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News & Notes

An Update on Glynwood's Climate-Smart Restoration Project

In this update, we highlight the progress of the Multiflora Thicket restoration project, integrating ecological restoration with agricultural conservation practices. Restoration Agriculture aims to revive the ecological well-being of working landscapes by blending native and naturalized plant species to mimic native ecosystems. This approach delivers climate resilience benefits to farm operations while maintaining advantages such as biodiversity enhancement, water quality improvement, carbon sequestration, and wildlife support.

Our project focuses on restoring two acres of natural drainage areas on the farm, which are currently dominated by dense thickets of multiflora rose. We aim to replace the multiflora rose and other non-desirable species with a mix of native and naturalized perennial plant species that could also serve as marketable food crops and livestock forage. These areas will also act as protected spaces for our livestock during periods of extreme weather, including cold snaps, heatwaves, droughts, and high winds. 

Our dedicated team, including compensated community crew members and volunteers, engaged in year-round activities to suppress invasive species regrowth. Activities include mulching, cover crop management, and strategic planting to ensure successful restoration of this site.

The selection of appropriate native species is a critical aspect in the restoration process. At Glynwood, we are currently evaluating several native species for propagation and planting, including Indiangrass, Big Bluestem, Blackberry, Elderberry, Willow, Serviceberry, Pawpaw, American Persimmon, Red Mulberry, Honey Locust, Black Walnut, and Northern Pecan. These species will be strategically arranged to mimick the natural associations and relationships found in native plant communities.

Soil composition and moisture play a crucial role in determining the placement of specific species. By considering these soil characteristics, we can strategically position the native species to maximize their growth and resilience.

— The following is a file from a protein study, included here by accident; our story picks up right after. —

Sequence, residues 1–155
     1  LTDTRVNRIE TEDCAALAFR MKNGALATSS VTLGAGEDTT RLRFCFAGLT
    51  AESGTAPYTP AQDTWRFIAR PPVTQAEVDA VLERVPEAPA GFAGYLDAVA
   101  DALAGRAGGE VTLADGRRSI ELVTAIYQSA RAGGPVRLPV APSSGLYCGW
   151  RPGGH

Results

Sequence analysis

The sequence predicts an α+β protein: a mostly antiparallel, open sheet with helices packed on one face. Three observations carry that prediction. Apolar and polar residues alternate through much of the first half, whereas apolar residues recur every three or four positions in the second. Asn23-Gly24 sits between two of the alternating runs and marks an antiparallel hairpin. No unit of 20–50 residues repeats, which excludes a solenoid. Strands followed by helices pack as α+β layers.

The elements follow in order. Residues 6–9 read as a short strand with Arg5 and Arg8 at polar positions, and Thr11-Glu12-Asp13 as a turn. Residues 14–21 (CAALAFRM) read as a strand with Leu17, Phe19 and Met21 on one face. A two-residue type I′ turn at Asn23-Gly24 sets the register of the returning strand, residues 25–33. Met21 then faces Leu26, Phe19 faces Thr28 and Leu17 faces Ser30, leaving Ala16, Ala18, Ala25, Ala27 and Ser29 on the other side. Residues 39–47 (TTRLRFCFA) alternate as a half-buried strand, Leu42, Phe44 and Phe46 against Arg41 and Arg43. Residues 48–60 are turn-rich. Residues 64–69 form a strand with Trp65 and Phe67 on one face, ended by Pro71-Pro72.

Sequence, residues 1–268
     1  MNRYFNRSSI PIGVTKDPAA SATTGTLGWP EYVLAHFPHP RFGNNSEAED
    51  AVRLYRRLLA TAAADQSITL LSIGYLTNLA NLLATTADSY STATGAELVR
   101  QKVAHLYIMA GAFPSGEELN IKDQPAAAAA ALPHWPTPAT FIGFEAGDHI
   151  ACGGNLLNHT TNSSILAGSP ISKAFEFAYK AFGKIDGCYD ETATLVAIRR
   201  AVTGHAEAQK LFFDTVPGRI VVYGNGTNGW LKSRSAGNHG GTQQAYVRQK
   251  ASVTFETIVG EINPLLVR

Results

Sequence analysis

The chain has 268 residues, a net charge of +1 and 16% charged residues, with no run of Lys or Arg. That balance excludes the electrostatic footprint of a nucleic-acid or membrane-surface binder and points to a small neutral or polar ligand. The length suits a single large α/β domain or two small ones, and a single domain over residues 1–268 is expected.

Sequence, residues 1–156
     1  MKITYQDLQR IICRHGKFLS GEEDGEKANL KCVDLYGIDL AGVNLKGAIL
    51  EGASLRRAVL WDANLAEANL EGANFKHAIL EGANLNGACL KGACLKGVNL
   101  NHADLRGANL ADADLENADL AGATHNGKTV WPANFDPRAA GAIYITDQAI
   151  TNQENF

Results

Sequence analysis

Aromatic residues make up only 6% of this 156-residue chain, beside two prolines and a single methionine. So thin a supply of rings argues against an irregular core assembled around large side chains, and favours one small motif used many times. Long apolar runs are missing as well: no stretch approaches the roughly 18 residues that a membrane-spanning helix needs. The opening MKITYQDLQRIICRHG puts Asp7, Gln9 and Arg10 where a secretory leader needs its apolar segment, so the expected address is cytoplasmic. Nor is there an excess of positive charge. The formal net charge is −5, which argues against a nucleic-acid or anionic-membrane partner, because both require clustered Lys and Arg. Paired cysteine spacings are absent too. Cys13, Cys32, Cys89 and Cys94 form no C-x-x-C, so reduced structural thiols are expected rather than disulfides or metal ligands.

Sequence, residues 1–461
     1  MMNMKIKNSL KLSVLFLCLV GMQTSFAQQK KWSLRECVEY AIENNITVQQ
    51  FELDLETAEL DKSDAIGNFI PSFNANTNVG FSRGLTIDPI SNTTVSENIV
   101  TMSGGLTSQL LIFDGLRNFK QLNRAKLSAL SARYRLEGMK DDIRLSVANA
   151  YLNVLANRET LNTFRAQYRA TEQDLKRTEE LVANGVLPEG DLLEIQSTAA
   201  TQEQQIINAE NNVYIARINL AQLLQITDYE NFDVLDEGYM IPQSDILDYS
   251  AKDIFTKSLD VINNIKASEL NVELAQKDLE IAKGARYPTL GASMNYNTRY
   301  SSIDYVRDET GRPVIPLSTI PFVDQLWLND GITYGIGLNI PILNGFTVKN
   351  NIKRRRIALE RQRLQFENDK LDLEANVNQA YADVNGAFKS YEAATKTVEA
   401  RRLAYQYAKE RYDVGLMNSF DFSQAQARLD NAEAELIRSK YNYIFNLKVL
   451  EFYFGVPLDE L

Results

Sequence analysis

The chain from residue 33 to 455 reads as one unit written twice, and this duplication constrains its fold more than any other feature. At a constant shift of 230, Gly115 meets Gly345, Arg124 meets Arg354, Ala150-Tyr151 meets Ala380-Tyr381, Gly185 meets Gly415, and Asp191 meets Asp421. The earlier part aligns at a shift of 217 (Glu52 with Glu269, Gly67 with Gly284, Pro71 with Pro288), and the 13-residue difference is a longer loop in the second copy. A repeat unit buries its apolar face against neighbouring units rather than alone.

In nature, plants naturally grow in diverse communities rather than in monocultures. We strive to replicate the interconnectedness and interdependencies found in natural ecosystems by creating guilds of native plants. A plant guild is a combination of species that complement each other in form and function, providing valuable resources to humans while fostering resilience and biodiversity. For example, in our Black Walnut guild, we have selected Black Walnut due to its widespread presence and numerous benefits. This tall tree produces edible nuts and oils with high nutritional value for both humans and wildlife.

The Multiflora Thicket restoration project exemplifies the power of Restoration Agriculture in revitalizing ecological health, promoting climate resilience, and supporting biodiversity on working lands. By replacing invasive species with a thoughtfully curated mix of native and naturalized plant species, we not only enhance the landscape but also improve the overall productivity of our farm. We are immensely grateful to the Ecological Restoration Grant program at Partners for Climate Action Hudson Valley for their invaluable support. Together, we forge ahead intoa more sustainable and resilient future.

This work is supported by Partners for Climate Action Hudson Valley (PCA).